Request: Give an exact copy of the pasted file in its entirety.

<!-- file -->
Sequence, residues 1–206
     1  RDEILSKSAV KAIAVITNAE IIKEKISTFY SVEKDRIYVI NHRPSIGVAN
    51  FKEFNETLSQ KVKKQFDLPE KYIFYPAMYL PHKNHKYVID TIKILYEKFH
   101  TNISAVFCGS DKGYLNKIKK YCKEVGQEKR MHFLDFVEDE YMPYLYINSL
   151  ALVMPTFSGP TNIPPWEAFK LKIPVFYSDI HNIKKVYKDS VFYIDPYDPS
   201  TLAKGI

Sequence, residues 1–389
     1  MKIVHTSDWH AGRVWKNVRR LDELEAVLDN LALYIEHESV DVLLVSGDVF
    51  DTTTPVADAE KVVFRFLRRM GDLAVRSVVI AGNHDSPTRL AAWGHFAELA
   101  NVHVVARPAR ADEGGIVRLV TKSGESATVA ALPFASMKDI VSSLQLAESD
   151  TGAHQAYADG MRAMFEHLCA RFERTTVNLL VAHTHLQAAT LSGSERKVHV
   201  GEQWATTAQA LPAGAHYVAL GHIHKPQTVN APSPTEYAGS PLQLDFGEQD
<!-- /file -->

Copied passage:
Sequence, residues 1–206
     1  RDEILSKSAV KAIAVITNAE IIKEKISTFY SVEKDRIYVI NHRPSIGVAN
    51  FKEFNETLSQ KVKKQFDLPE KYIFYPAMYL PHKNHKYVID TIKILYEKFH
   101  TNISAVFCGS DKGYLNKIKK YCKEVGQEKR MHFLDFVEDE YMPYLYINSL
   151  ALVMPTFSGP TNIPPWEAFK LKIPVFYSDI HNIKKVYKDS VFYIDPYDPS
   201  TLAKGI

Sequence, residues 1–389
     1  MKIVHTSDWH AGRVWKNVRR LDELEAVLDN LALYIEHESV DVLLVSGDVF
    51  DTTTPVADAE KVVFRFLRRM GDLAVRSVVI AGNHDSPTRL AAWGHFAELA
   101  NVHVVARPAR ADEGGIVRLV TKSGESATVA ALPFASMKDI VSSLQLAESD
   151  TGAHQAYADG MRAMFEHLCA RFERTTVNLL VAHTHLQAAT LSGSERKVHV
   201  GEQWATTAQA LPAGAHYVAL GHIHKPQTVN APSPTEYAGS PLQLDFGEQD